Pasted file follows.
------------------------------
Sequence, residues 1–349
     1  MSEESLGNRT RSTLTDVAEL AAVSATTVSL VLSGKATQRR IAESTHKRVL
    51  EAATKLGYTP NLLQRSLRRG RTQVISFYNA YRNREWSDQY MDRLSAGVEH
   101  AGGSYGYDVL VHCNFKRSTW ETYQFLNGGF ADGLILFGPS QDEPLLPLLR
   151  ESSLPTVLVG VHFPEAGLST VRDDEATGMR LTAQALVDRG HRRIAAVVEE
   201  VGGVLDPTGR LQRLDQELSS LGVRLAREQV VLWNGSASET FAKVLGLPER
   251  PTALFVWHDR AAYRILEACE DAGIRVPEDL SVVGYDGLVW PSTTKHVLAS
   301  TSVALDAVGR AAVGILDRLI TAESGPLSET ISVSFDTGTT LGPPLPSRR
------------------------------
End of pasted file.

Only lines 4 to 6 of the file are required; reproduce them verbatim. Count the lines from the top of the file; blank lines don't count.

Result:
   101  AGGSYGYDVL VHCNFKRSTW ETYQFLNGGF ADGLILFGPS QDEPLLPLLR
   151  ESSLPTVLVG VHFPEAGLST VRDDEATGMR LTAQALVDRG HRRIAAVVEE
   201  VGGVLDPTGR LQRLDQELSS LGVRLAREQV VLWNGSASET FAKVLGLPER